Wow-to-the-za. Then I played it and man, the music inside was just as good. Like it's been on constant-repeat good.
Briefly, "Cheekbone Hollows" is a bluesy toe-tapping lo-fi version of Lord Byron poetry. Which is all perfectly logical if you know that lead singer/acoustic guitar player Stewart Lupton a) was previously the lead singer for the critics' darlings and direct influencer of The Strokes Jonathan_Fire*Eater, and b) returned to DC after the dissolution of JFE, enrolled in George Washington University, landed the Lannan Poetry Fellowship, and studied poetry, medieval studies, and modern art history. Lupton's baritone voice reminds me of Marc Bolan posing as an Exile on Main Street-era Mick Jagger, all sputtering with smoldering bravado and bad-boy grittiness. Sprinkled throughout most of the songs on this 6-track EP are the three powerful v's of co-vocalist Betsy Wright (viola, violin, and vocals), whose trifecta of pretty perfectly counters the primary grungier sound surrounding her. Much like a daisy springing up through the cracks in a concrete jungle, you don't expect to see something like that thriving there but you can't help being struck by it.
Much like the collection of ballads and lullabies that share their name, the tracks on Lupton's version sing of love and salvation (lots of salvation), ghosts and loneliness, but with a much hipper sound that will strike your core. "Cheekbone Hollows" has been available in the UK since '06 but just came out in the US earlier this summer. So check out the CD version or the mp3 version, but just make sure you check it out.
Download: Green Jewelry-The Child Ballads
Cheekbone Hollows-The Child Ballads
Paul Westerberg to Release New Music for .49 on Saturday, July 19; New 'Mats Reissues Out September 23
If you couldn't already tell from the main and sub-titles, we here at Between Love and Like are big fans of Paul Westerberg. That's why we're more than just a little giddy to share with you the following:
On June 49, (that's July 19 to you and me), Paul Westerberg will be releasing 49 minutes of music for just 49¢. Check back (here) on Saturday, July 19 and you'll find a link to download the new tunes.
Definitely good news! Westerberg's last release of new music was 2004's Folker.
Update, July 19: This is from Kathy, the woman who runs the Men Without Ties site, the intended location for the new tracks:
don't want to dampen anyone's anticipation prematurely but I also don't want anyone checking back here at 12:01 AM thinking the link will be live. Things are still being worked out as I type this, but there's a possibility that it may be June 49 + 2 days (Monday) as opposed to tomorrow due to, well, I believe the technical term for it is a "kerflooey". I'll keep you posted.
In other Westerberg-related good news, Rhino records announced yesterday that the final four Replacments reissues from their Sire days will be released on September 23.
Each album features a host of previously unreleased bonus tracks; the entire reissue catalog will also see digital release the same day.
I've heard many of the tracks that are being included, these are definitely worth the cash!
(Photo via Chromewaves)
I am a few days behind with this, but some interesting news bits on Eric Bachmann:
1. For you kids in the LA area, tickets are still available for Bachmann's solo show tonight at the Tangier for all of $12. (I'm green with envy btw...)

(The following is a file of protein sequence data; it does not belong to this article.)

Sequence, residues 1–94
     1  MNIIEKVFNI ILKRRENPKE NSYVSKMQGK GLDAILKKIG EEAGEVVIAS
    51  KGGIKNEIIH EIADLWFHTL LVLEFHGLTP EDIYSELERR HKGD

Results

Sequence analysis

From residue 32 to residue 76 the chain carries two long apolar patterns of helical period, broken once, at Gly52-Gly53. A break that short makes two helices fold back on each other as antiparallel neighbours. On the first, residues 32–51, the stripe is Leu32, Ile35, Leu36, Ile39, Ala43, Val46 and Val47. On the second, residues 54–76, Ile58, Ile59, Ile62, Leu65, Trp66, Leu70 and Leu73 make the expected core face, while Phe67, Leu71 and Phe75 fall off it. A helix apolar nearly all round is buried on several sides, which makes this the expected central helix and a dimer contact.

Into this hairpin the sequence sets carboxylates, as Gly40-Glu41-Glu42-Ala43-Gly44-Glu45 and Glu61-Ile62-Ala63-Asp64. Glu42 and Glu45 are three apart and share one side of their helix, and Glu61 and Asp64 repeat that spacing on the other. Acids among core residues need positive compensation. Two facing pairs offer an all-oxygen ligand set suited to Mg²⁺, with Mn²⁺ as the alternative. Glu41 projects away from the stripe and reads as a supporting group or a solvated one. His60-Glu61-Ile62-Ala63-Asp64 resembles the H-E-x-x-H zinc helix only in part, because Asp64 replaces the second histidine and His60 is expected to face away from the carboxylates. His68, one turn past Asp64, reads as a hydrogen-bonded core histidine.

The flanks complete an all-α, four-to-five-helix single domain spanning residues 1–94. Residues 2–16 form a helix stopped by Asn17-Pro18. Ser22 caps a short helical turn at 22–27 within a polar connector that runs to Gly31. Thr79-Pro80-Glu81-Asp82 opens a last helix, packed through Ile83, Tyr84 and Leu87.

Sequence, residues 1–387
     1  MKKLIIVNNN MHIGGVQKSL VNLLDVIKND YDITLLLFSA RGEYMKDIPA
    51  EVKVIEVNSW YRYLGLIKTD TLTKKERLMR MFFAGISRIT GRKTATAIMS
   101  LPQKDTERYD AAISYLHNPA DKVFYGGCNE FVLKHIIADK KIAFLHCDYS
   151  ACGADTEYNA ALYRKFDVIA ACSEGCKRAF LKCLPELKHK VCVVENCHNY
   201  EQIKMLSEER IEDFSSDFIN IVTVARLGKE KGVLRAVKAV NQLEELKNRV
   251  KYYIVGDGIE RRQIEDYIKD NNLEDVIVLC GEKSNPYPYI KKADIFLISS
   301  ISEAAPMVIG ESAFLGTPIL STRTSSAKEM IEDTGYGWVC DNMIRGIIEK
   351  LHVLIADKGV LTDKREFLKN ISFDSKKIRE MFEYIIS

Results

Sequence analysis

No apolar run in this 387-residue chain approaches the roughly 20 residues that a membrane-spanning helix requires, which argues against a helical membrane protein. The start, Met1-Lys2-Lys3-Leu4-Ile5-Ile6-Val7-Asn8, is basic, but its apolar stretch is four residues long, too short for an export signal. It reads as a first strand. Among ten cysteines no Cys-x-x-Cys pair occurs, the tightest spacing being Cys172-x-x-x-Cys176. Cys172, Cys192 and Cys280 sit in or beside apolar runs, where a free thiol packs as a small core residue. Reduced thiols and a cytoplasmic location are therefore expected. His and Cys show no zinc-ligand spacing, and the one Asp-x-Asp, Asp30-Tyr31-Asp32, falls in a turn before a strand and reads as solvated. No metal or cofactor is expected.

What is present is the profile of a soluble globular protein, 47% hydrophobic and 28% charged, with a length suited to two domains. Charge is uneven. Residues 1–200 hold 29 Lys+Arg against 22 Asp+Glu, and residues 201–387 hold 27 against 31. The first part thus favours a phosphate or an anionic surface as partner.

2. Bachmann's band, the very awesome Crooked Fingers has a new disc out October 7 called "Forfeit/Fortune," aaaannndd...he's putting it out himself, he didn't resign with Merge Records. He says:
...eventually decided to sell "Forfeit/Fortune" to retail, without a distribution partner. The pair connected with AJ Tobey, marketing manager for Flea Marketing, a promotion firm that specializes in indie retail.
"We decided to focus on a small handful of good indie record stores to get the project off the ground," Tobey says of the set, due Oct. 7. They initially selected 20 stores, based on past support of the band and the routing of an upcoming tour, but the number keeps growing. The record will also be sold at shows, through the Crooked Fingers Web site and via iTunes and other digital stores.
3. Nekko Case, Bachmann, and New Order? Hmm, this I gotta hear...
This is a very arranged, louder rock record, with lots of strings, horns and saxes," he says. Bachmann drafted tourmate Neko Case to duet with him on closer 'Your Control,' which he describes as "really different than her style. It almost sounds like New Order.
(Read our previous post on Bachmann and Crooked Fingers with good things to listen to here.)
(Photo via Harp Magazine)
Ryan Adams to publish a collection of prose sometime in 2009 (from today's Page Six, the NY Post:
EMO rocker Ryan Adams has more to say than can be conveyed in one of his crooning songs or in one of his lengthy missives to Gawker.com. Page Six hears Adams has signed with indie Brooklyn house Akashic Books to publish his still-untitled collection of prose. "They just signed the contract," said our source, "and they plan to release it in 2009." A rep for Adams confirmed the deal, but wouldn't comment on a working title or when it would hit the shelves.
Wednesday, July 16, 2008
Howard Fishman and his band play a unique mix of jazz, blues, rock, and old New Orleans-style music. Howard, a self-taught guitarist, began his musical career as many do, busking in the streets of New York and New Orleans. That was 10 years ago....since then Howard has done a great many things, played a great many places, and exposed a great many people to his takes on how music can be created and heard. His is truly a unique and original voice.
I, however, need a new verb beyond "interesting," as you'll hear when you listen to the interview. But I couldn't help it, Howard is just that.
Part 1 of 3
Part 2 of 3
Part 3 of 3:
More on Howard Fishman...
Night After Night-Howard Fishman.mp3
Mary Ann-Howard Fishman.mp3
-->Purchase: Amazon, as well as Itunes.
-->Video: Youtube channel
-->Website: Howard Fishman